Tracking neurocognitive performance following concussion in high school athletes

The Physician and Sportsmedicine -


Covassin, T., R. J. Elbin and Y. Nakayama.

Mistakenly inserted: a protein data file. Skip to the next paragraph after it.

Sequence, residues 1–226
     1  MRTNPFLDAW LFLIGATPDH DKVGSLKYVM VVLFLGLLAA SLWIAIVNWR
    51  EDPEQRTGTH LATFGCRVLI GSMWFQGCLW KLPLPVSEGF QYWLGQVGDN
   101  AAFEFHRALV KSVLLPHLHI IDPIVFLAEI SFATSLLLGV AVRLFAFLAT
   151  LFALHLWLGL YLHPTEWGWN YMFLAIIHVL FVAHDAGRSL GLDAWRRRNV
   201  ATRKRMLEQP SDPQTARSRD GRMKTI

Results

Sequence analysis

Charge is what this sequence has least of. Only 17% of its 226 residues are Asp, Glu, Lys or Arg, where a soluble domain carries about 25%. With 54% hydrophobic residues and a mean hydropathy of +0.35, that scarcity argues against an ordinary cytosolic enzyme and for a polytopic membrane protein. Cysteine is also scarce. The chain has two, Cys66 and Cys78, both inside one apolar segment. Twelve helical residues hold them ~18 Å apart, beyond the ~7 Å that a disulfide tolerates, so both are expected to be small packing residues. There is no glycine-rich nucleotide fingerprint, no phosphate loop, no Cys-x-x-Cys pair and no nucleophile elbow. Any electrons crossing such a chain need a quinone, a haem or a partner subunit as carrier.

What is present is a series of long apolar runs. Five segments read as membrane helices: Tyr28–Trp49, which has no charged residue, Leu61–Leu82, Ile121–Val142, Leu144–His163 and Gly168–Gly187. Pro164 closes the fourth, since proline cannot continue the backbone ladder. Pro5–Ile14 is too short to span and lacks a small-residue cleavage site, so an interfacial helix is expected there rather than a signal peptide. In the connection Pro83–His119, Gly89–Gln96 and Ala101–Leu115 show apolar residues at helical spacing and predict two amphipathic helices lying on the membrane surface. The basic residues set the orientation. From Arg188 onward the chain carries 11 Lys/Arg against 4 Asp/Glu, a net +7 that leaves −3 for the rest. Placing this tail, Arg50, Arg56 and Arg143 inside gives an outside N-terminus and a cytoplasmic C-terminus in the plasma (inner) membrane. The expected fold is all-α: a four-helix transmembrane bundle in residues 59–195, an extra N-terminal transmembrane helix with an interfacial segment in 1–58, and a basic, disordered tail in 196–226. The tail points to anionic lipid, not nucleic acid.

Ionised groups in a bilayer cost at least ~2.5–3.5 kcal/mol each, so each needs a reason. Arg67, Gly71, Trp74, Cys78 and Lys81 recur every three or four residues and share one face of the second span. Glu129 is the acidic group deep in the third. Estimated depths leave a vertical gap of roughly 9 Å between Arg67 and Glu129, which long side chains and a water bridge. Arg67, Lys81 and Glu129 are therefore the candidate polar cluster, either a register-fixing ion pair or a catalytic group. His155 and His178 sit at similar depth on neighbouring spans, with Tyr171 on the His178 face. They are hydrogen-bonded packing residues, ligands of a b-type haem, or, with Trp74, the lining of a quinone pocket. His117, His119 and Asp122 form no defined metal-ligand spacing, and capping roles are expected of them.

OBJECTIVE: To extend previous research designs and examine cognitive performance up to 30 days postconcussion. METHOD: A prospective cohort design was used to examine 2000 athletes from 8 mid-Michigan area high schools to compare baseline neurocognitive performance with postconcussion neurocognitive performance. All concussed athletes were readministered the Immediate Post Assessment and Cognitive Test (ImPACT) at 2, 7, 14, 21, and 30 days postconcussion. RESULTS: A total of 72 high school athletes (aged 15.8 +/- 1.34 years) sustained a concussion. A significant within-subjects effect for reaction time (F = 10.01; P = 0.000), verbal memory (F = 3.05; P = 0.012), motor processing speed (F = 18.51; P = 0.000), and total symptoms following an injury (F = 16.45; P = 0.000) was found. Concussed athletes demonstrated a significant decrease in reaction time up to 14 days postconcussion (P = 0.001) compared with baseline reaction time. Reaction time returned to baseline levels at 21 days postinjury (P = 0.25). At 7 days postinjury, impairments in verbal memory (P = 0.003) and motor processing speed (P = 0.000) were documented and returned to baseline levels by 14 days postinjury. Concussed athletes self-reported significantly more symptoms at 2 days postconcussion (P = 0.000) and exhibited a resolution of symptoms by 7 days postinjury (P = 0.06). CONCLUSION: High school athletes could take up to 21 days to return to baseline levels for reaction time. These data support current recommendations for the conservative management of concussion in the high school athlete.

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